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Antique Map: Geographical Distribution of the Most Important Plants Yielding Food by A.K. Johnston, 1856

1856 Geographical Distribution of the Most Important Plants Yielding Food

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By: Alexander K. Johnston

Date: 1856 (published) Edinburgh

Dimensions: 20 x 24 inches (51 x 61 cm)

This antique map shows the distribution of plants primarily grown as food crops throughout the world. It is from the second edition of Johnston's Physical Atlas of Natural Phenomena, published out of Edinburgh by William Blackwood & Sons in 1856.

Johnston's map presents in striking visual form a summary of what was known in the mid-nineteenth century regarding global food production. Detail is provided in insets, with the first providing information regarding principal plants grown for foodstuffs in west and central Europe, the next one presents distribution of plants used for the production of beverages, the third presents the spices of the East Indies, the fourth depicts plants-for-foodstuffs in western and central Europe and the final inset shows the most important plants according to the altitudes at which they are grown, worldwide.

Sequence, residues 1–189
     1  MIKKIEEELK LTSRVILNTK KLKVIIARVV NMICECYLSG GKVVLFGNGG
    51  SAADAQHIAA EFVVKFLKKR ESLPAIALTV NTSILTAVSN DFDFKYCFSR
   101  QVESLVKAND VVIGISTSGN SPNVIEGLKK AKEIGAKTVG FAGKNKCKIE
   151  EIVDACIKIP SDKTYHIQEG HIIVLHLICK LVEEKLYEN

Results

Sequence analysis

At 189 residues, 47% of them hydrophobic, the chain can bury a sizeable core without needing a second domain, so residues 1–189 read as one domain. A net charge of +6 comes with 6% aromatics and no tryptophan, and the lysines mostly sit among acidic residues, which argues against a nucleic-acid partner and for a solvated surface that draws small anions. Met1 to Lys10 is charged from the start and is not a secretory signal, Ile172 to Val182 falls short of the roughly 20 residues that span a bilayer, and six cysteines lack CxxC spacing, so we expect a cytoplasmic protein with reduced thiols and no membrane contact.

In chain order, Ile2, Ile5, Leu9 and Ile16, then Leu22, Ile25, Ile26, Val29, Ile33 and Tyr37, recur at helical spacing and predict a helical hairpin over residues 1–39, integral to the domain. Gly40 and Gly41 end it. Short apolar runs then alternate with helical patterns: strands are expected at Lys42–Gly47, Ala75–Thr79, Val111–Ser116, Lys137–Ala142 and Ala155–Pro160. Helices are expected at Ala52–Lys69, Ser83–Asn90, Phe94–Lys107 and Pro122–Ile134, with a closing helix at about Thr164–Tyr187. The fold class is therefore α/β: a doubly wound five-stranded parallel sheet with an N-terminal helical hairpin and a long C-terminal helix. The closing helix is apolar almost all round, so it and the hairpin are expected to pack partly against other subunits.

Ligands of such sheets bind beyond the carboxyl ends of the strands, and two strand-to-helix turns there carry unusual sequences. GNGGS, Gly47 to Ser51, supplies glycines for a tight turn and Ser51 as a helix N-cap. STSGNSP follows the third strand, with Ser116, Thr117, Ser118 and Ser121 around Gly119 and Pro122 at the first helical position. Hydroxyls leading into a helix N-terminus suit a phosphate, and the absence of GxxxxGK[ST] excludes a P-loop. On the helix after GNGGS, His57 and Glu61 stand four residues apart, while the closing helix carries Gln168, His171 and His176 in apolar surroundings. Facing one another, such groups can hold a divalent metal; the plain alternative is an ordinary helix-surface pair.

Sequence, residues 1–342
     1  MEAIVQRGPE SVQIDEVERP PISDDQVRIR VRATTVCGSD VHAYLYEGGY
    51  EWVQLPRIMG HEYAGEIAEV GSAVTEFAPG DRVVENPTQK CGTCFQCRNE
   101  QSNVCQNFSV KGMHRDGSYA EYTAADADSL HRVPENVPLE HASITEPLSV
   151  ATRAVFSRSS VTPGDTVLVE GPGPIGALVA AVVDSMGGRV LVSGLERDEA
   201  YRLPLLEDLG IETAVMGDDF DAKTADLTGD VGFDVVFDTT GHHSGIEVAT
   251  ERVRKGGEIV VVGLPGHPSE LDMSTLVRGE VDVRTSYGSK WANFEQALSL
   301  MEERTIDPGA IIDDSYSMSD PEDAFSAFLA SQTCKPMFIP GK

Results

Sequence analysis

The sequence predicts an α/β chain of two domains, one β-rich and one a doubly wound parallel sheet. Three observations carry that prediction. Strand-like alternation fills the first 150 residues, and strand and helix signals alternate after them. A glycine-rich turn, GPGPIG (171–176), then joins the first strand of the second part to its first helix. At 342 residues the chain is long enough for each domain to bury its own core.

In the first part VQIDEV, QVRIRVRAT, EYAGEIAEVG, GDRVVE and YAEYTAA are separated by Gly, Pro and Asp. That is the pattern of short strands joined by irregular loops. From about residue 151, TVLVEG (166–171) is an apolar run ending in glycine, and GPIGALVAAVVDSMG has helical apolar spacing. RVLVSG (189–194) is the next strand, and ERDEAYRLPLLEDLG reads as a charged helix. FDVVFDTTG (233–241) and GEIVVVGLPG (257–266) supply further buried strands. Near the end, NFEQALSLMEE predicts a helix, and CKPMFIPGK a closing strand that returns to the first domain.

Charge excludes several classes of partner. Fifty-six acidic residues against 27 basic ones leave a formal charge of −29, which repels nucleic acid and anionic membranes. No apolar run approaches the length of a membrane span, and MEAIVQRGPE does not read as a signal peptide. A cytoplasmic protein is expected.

The map is colour coded according to the main grains grown in each region, with each colour representing combinations of staples. Examples include Africa, where rice and maize are grown together, and the British Isles where wheat, barley and oats are grown. The insets show regional specialities such as cinnamon, nutmeg, coca, sugar, coffee, tea, pepper, clove, in the geographical region where they occur. 

Alexander Keith Johnston's Physical Atlas of Natural Phenomena was amongst the most comprehensive geographic works focusing on natural science of its day. Johnston described the motivations and focus of his work in the preface as follows; The object originally contemplated in this work was to present, in a graphic form, a concise yet comprehensive view of the Physical Geography of the Globe, embracing under that term its superficial structure, the movements of its aerial and oceanic currents, and the distribution of organized existence on its surface. 

Accompanying the map is the original letterpress description from the atlas the discusses in detail the methodology, science, and theory the went into the cartographic work.

Condition: Map is in A condition presenting an attractive and vivid imprint on heavy paper with full margins on all sides. A few small marginal tears exist but do not enter the map image.

Inventory #12575

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